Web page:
Colorado PROFILES, The Colorado Clinical and Translational Sciences Institute (CCTSI)
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MitoQ Supplementation for Improving Vascular Endothelial Function in Older Adults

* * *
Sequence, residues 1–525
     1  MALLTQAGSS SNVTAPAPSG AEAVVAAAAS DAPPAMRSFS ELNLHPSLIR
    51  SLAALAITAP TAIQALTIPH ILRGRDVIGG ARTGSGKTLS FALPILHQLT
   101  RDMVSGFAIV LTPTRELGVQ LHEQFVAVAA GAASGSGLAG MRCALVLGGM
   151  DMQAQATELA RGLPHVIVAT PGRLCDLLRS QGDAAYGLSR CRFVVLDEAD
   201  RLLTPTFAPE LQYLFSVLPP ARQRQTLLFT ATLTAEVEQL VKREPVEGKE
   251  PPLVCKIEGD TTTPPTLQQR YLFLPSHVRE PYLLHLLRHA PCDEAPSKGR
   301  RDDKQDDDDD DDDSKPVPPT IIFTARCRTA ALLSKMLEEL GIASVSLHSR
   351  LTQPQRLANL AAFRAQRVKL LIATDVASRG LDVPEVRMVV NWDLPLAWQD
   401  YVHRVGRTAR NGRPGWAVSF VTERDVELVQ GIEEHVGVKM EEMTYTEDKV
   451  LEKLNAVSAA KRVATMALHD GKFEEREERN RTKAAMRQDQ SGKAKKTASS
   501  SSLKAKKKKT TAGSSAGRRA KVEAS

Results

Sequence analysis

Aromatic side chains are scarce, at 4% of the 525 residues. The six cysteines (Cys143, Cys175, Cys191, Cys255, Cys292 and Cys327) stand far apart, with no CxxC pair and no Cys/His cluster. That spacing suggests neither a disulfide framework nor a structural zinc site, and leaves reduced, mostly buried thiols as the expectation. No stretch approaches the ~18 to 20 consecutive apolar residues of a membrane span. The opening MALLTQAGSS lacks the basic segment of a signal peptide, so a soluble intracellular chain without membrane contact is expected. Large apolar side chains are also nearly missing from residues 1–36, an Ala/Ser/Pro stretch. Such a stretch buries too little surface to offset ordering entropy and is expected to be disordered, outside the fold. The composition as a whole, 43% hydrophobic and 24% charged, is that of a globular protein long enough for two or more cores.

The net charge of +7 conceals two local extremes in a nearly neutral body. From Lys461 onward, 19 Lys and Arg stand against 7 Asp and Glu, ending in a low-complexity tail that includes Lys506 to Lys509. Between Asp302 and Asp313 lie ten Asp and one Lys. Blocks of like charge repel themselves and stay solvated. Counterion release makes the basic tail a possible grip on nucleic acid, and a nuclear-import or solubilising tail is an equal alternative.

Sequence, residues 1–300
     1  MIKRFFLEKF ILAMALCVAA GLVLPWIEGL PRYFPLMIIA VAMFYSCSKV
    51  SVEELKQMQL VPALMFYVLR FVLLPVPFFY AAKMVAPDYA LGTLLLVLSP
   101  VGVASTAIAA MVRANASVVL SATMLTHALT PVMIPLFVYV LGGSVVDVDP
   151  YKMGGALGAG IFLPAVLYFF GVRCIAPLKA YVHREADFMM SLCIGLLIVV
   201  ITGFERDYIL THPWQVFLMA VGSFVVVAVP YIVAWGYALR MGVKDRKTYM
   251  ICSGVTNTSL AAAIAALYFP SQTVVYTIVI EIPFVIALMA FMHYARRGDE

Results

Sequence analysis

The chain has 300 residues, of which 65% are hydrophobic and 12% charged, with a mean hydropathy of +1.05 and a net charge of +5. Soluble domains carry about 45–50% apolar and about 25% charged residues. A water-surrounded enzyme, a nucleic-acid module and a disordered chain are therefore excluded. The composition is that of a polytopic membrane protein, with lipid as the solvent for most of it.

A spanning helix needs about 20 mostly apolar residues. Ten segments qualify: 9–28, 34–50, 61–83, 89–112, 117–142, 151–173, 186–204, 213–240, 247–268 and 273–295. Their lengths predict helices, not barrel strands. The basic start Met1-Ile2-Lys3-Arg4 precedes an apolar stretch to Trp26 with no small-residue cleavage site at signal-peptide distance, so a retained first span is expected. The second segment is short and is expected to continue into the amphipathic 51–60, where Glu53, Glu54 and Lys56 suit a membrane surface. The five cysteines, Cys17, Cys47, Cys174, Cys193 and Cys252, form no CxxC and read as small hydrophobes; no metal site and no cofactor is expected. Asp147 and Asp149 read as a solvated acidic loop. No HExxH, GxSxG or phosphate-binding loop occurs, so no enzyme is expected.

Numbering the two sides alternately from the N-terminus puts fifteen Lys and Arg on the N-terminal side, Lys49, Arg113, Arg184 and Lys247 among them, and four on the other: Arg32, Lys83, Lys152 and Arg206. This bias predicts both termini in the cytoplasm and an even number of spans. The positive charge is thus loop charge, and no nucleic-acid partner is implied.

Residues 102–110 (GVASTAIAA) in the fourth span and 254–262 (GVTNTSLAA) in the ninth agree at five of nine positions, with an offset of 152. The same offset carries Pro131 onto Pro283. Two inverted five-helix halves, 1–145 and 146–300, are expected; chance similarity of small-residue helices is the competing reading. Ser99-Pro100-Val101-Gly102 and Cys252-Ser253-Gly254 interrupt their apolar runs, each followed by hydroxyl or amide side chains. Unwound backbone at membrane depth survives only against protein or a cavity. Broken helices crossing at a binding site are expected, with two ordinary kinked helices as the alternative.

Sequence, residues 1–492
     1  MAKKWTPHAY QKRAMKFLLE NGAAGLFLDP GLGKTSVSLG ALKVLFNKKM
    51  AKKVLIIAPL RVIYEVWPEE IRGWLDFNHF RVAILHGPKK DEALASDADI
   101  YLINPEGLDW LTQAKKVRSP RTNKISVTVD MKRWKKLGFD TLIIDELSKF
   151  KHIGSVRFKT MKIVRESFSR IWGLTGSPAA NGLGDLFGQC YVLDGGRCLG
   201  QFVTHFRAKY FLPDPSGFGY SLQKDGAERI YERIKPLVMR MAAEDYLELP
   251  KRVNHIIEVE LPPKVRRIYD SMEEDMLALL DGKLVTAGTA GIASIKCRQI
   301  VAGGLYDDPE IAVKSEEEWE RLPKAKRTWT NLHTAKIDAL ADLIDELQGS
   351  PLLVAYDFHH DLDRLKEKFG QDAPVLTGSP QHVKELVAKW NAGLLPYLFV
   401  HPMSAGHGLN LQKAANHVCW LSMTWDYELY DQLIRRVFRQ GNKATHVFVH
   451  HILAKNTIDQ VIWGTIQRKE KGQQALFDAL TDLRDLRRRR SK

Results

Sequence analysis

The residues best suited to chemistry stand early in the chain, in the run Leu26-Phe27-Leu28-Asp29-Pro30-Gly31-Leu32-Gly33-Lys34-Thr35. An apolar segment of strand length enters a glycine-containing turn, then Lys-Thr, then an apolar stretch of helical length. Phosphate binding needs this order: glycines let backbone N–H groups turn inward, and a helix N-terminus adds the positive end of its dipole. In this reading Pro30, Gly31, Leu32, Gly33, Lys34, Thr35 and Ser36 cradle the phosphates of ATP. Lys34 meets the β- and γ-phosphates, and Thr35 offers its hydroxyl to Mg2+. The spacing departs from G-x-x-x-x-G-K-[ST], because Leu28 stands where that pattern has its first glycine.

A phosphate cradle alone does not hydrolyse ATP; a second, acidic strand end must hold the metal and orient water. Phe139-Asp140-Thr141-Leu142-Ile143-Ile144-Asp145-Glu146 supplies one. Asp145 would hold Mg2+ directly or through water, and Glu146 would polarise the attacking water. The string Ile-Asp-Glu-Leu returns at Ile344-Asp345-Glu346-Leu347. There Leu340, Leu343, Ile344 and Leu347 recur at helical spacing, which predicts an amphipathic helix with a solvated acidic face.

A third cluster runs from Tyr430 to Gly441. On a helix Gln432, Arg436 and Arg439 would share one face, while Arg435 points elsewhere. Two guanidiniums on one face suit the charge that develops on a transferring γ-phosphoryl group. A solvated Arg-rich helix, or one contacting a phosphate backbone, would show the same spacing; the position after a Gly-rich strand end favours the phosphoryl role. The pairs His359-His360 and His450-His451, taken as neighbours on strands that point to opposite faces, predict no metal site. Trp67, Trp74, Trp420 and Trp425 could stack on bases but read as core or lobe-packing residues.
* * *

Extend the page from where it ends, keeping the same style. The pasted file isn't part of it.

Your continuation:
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? DESCRIPTION (provided by applicant): Advancing age is the primary risk factor for cardiovascular diseases (CVD) due largely to adverse changes to arteries. A major feature of arterial aging is the development of vascular endothelial dysfunction as assessed by a decline in endothelium-dependent dilation (EDD). Impaired EDD with advancing age is caused by reduced bioavailability of the vasodilatory and vascular protective molecule nitric oxide (NO), secondary to oxidative stress. A major contributor to age-associated vascular oxidative stress is excessive production of mitochondrial reactive oxygen species (mtROS). As such, therapies that reduce mtROS may improve vascular endothelial function and decrease CVD risk in middle-aged/older (MA/O) adults. Mitoquinone (MitoQ) is a mitochondria-targeted antioxidant that, in contrast to traditional exogenous antioxidants, accumulates at levels 100-1,000-fold higher in the mitochondria vs. cytosol of cells, and reduces mtROS-mediated oxidative stress in vivo. Preclinical findings from our lab indicate that 4 weeks of MitoQ supplementation in the drinking water completely restores NO-mediated EDD in old (26-28 mo) mice, and reverses the age-related increases in aortic mitochondrial superoxide production and oxidative stress. The goal of the current study is to translate our preclinical findings to MA/O adults. We propose a randomized, double-blind, placebo-controlled cross-over pilot study to provide the first evidence for the efficacy of oral MitoQ supplementation to improve NO-mediated EDD in healthy MA/O adults (60-79 yr; n=21) with baseline endothelial dysfunction. To gain insight into the mechanisms by which MitoQ may improve EDD in this group, we will employ innovative translational techniques to assess endothelial cell mtROS production, mtROS-mediated suppression of EDD, and systemic and/or vascular endothelial cell markers of mitochondrial function, oxidative stress, and inflammation. Hypothesis 1: 6 weeks of oral MitoQ supplementation will increase NO-mediated EDD in MA/O adults. Hypothesis 2: Improved EDD with MitoQ treatment will be mediated by reduced endothelial cell mtROS production and mtROS-related suppression of EDD, and will be associated with decreased vascular endothelial and systemic oxidative stress. This investigation will combine clinically relevant functional assessments with innovative mechanistic analyses to investigate a novel intervention approach for reducing mitochondria-derived oxidative stress and improving NO-mediated EDD in MA/O adults with endothelial dysfunction, but free of clinical disease.
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